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A head start - SEB junior completes first year of college
Richard OwensWeb
Richard Owens III, center, is shown with his parents Richard Jr. and Linda. Richard left Southeast Bulloch High School after his sophomore year to attend a special program at Middle Georgia College. - photo by Special
    Richard Owens III is a driven young man.
    When he entered Southeast Bulloch High School as a freshman, he immediately signed up for the most difficult schedule he could take, including several Advanced Placement classes.
    But, “The classes still weren’t challenging enough," Owens said. "I needed more to do.”
    So, he joined the Chess Club, and became part of the SEB Math Club competition team. He also made the SEB marching band team.
    Still, Owens wanted more.
    Gene Eden, a guidance counselor at Southeast Bulloch, began talking to Owens’ parents about possibly sending Richard to college after 10th grade. Ricky and Linda Owens agreed to consider a special program at Middle Georgia State College in Cochran for high school students.
    The college runs the Georgia Academy of Aviation, Mathematics, Engineering and Science, which opens college courses up to exceptional high school students. After some discussion, the Owens' decided to let their son attend the academy.
    “Ricky was quite excited at the possibility of bypassing a lot of the last two years of high school," Eden said. "He is pretty exceptional student, and has an unbelievable level of maturity. He is the first student from SEB to enter the GAMES academy, and has opened the eyes of some other students to advancement possibilities.”
    One of Owens’ favorite teachers at SEB was Matt Olsen, the school's band director. Olsen wasn't surprised Owens chose to attend GAMES.
    “He was a real quick learner, and had a tremendous work ethic," Olsen said. "He started off playing the saxophone, but then changed to drums."
    Owens said he is in the band at college, but, “Without Mr. Olsen, it’s totally different. Its just a bunch of kids having fun, with little or none of the focus I found at SEB. I have started playing the acoustic guitar now.”
    The GAMES program at Middle Georgia is one of two programs in the state designed for junior and senior high school students to finish high school, while getting a two-year associates degree at the same time.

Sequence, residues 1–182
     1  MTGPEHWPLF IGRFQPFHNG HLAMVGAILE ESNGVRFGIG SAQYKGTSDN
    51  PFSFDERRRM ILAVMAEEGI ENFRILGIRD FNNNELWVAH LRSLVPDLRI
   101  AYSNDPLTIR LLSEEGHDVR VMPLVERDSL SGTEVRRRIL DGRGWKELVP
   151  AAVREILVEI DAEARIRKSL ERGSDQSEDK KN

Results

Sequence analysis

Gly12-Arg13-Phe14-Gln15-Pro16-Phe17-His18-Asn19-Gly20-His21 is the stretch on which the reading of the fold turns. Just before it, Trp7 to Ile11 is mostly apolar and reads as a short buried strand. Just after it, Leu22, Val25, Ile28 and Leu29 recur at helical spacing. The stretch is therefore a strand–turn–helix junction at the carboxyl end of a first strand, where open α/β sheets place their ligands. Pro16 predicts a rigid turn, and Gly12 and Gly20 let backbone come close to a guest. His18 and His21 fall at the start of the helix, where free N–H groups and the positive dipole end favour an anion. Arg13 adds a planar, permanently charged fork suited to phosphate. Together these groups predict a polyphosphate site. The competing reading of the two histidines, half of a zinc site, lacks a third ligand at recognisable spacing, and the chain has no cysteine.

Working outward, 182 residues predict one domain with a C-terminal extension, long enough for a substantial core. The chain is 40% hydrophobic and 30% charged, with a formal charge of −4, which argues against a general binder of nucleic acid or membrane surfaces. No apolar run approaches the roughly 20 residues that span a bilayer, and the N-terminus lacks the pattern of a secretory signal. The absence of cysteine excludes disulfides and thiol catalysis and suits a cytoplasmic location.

Lisa Whitaker is the academy's director. Whitaker said the program, now in its twelfth year, chooses only students with high levels of self-motivation, because no matter how smart the student is, they cannot rely on anyone else to keep them on track.
    “Richard is a very bright student, and worked very hard last year," Whitaker said. "He took 18 hours of course work in the fall, and 19 hours in the spring semester. He’s done very well at GAMES. We can’t wait to have him back for next year.”
    Though she's happy for her son, Linda Owens misses her boy.
    “Having Ricky away at college is about to kill me. I miss him, I really do.”
Richard Owens Jr. also misses his son.
    “We’ve always been best friends, but now that Ricky is at college, there are aspects of his life at MG that he just doesn’t want to share with me.”
    Owens said he understands the feelings of his parents, but he likes the challenge at Middle Georgia.
    “Being that I have to satisfy both high school and college course requirements means that I am carrying a very heavy course load each semester,” he said.
    Owens intends to go into pre-law, but said firmly: “I don’t want to end up doing real estate closings.”
    He said he has taken a lot of political science courses, which may change his current career choice.
    “I have begun to think that I would actually like to become a statesman," he said. “I want to be someone who is involved in helping formulate policy dealing with national and international affairs. Our world is pretty messed up, and I would like to be one of the people who helps straighten it out.”
    In 2009, Owens will graduate with his college class, and then get his high school diploma, graduating with the SEB seniors. While he said he will miss his senior year experience in high school, he believes his college experience makes up for it.